Wes Unseld, a steady inside presence who battled larger centers Wilt Chamberlain, Kareem Abdul-Jabbar, Bill Russell, Willis Reed, and Nate Thurmond in a Hall of Fame career, died on Tuesday. He was 74.
Unseld led the Bullets to four NBA Finals appearances, including a title in 1978.
The 6-foot-7 Unseld played his entire 13-season career with the Bullets. As a pro, he averaged 10.8 points and 14.0 rebounds a game.
Unseld, a five-time All-Star, commanded respect on the basketball court. He never backed down, always worked hard and displayed a fierce competitive spirit.
Abdul-Jabbar spoke about his former rival on the “Rich Eisen Show” on Tuesday.
“He was like a big roadblock on the basketball court,” Abdul-Jabbar said of Unseld. “He was only like 6-7, 6-8, but you still couldn’t get rebounds over him because he just denied (position) on the court. (Unseld) was awesome in that sense.”
Indeed, the statistics and consistency only tell a part of the story. Wes Unseld’s impact on the court went far beyond buckets and rebounds and other tangible numbers.
Just ask ex-teammate Phil Chenier.
“His scowl could be intimidating but really he was a kind, thoughtful and protective comrade,” Chenier, who won a title alongside Unseld in ’78, was quoted as saying by The Associated Press.
“Wes is the epitome of a great teammate, team leader and friend.”
Before arriving in Maryland as the Baltimore Bullets’ No. 2 pick in the 1967 NBA Draft, Wesley Sissel Unseld dominated at the University of Louisville, where he posted averages of 20.6 points and 18.9 rebounds.
A vital contributor as a rookie
Wes Unseld wasted no time establishing himself as the cornerstone of the Bullets franchise.
As a rookie in the 1968-69 season, the Louisville native averaged 13.8 points and 18.2 rebounds in 82 games.
He was named the NBA Rookie of the Year and league MVP. It was a special feat that has happened only once before — and never replicated since Unseld’s freshman campaign.
The other? Wilt Chamberlain.
The Bullets finished with a 57-25 record, collecting 21 more victories than the season before.
As a result, the team’s dramatic turnaround — from worst in the Eastern Division to first overall — was a sign of things to come.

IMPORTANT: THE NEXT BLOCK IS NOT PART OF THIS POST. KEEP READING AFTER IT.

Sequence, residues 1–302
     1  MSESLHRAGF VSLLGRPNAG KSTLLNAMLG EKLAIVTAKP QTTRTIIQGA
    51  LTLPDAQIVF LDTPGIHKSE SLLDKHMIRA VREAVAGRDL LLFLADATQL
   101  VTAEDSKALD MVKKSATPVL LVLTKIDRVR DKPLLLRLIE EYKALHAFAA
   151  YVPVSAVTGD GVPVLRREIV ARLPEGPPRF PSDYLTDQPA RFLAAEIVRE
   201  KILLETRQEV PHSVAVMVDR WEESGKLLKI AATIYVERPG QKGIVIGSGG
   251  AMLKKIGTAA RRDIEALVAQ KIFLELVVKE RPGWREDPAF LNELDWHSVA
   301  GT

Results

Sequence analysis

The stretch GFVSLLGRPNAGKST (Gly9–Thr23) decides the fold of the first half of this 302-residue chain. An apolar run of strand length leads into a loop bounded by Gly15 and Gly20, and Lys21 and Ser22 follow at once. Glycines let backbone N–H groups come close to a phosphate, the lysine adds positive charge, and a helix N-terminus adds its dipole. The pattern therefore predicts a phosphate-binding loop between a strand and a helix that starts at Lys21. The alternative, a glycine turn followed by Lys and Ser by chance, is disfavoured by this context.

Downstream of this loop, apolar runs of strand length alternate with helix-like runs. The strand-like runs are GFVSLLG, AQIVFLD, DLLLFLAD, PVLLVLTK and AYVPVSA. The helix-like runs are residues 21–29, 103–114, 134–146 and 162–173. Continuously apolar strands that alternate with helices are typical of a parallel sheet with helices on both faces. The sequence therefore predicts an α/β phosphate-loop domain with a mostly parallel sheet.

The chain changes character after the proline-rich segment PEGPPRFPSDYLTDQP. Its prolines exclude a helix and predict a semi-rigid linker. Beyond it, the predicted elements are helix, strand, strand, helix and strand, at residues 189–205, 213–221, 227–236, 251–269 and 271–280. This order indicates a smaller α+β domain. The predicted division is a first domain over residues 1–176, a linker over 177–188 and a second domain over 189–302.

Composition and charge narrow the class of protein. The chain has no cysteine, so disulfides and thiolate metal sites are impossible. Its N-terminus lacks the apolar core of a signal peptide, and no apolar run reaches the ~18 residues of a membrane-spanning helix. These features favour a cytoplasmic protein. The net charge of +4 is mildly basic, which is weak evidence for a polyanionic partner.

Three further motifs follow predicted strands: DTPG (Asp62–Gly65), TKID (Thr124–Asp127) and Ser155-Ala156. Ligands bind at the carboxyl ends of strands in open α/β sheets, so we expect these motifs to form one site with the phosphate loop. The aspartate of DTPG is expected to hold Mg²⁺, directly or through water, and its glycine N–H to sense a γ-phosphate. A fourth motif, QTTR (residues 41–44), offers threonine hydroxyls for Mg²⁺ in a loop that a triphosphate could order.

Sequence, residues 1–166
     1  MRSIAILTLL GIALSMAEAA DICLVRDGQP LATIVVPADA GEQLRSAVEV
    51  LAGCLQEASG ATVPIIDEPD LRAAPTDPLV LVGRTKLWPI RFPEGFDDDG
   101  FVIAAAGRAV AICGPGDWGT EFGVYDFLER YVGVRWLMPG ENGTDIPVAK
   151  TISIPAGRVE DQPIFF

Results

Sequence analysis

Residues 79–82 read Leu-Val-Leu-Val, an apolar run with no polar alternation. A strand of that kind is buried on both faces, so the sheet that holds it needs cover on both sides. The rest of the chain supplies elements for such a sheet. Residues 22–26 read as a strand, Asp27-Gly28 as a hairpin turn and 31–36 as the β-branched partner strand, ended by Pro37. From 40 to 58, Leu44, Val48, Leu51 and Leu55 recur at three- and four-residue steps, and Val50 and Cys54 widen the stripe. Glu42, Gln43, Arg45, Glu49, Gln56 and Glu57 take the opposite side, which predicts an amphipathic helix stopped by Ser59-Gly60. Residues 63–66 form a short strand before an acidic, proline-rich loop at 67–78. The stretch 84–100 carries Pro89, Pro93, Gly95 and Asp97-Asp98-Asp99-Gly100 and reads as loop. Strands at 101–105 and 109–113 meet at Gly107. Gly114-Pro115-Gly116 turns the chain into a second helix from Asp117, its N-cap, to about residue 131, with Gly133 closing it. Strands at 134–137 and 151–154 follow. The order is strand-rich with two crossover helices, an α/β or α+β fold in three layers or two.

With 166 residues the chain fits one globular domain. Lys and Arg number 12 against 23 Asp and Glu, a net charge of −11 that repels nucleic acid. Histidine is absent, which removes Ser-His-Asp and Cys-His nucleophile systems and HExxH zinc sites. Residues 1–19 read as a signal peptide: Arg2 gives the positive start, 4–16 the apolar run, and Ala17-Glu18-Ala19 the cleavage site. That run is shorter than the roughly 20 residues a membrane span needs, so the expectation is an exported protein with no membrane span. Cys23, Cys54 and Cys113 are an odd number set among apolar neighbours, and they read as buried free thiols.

Bullets’ rise to prominence
It was the first of 12 straight playoff appearances for the Baltimore Bullets. (The franchise was later known as the Capital Bullets and Washington Bullets before changing its name to the Washington Wizards in 1997.)
Unseld was inducted into the Naismith Memorial Basketball Hall of Fame in 1988. He was enshrined at the College Basketball Hall of Fame in 2006.
Upon his induction to the Naismith Hall of Fame in 1988, Unseld reflected on the way he played throughout his career.
“I never played pretty,” Unseld said. “I wasn’t flashy. My contributions were in the things most people don’t notice. They weren’t in high scoring or dunking or behind-the-back passes.”
The franchise retired Unseld’s No. 41 jersey. He also served as the Bullets coach (1987-94) and Bullets/Wizards GM in a lifelong association with the franchise.
When the NBA named its 50 Greatest Players in 1996, Unseld made the list.
Tributes to Wes Unseld
“Wes Unseld was one of the most consequential players of his era,” NBA Commissioner Adam Silver said in a statement. “His competitive drive and selfless approach made him a beloved teammate. … Wes also set the model of class, integrity and professionalism for the entire NBA family during stints as a player, coach and team executive with Washington and through his dedication to expanding educational opportunities for children.”
Wizards general manager Tommy Sheppard said, “Those of us who were fortunate enough to spend time with Wes knew him as a generous and thoughtful man whose strong will was matched only by his passion and drive for uplifting others.
“His physical prowess, undeniable talent and on-court demeanor may have struck fear in opponents throughout the NBA, but he will be remembered best as a mentor, leader and friend.”
Reed, who helped the New York Knicks win two titles (1969-70 and 1972-73), said Wes Unseld was a forced to be reckoned with on the basketball court.
“You always wanted to make sure you got a good night’s sleep before you played against him,” Reed told The New York Times. “He was most consciously a rebounder — he could shoot, but he didn’t emphasize that part of his game — and felt that if he did his job right, by getting the defensive rebound and making the quick outlet pass, they would score quickly.”
Chase Hughes, writing for Yahoo Sports, described Unseld this way: “As an NBA player, Unseld has a lasting reputation as the most notorious screen-setter in league history. At 6-foot-7 and 250 pounds, he was built like a refrigerator and used his wide frame to set powerful picks.”
Arizona-based sportswriter Javier Morales posted a short tribute to Wes Unseld on his Facebook page.
“When we played pickup basketball when I was young, we tried to emulate Wes Unseld’s outlet passes,” Morales wrote. “He was a master of the outlet pass after a rebound. RIP Mr. Unseld.”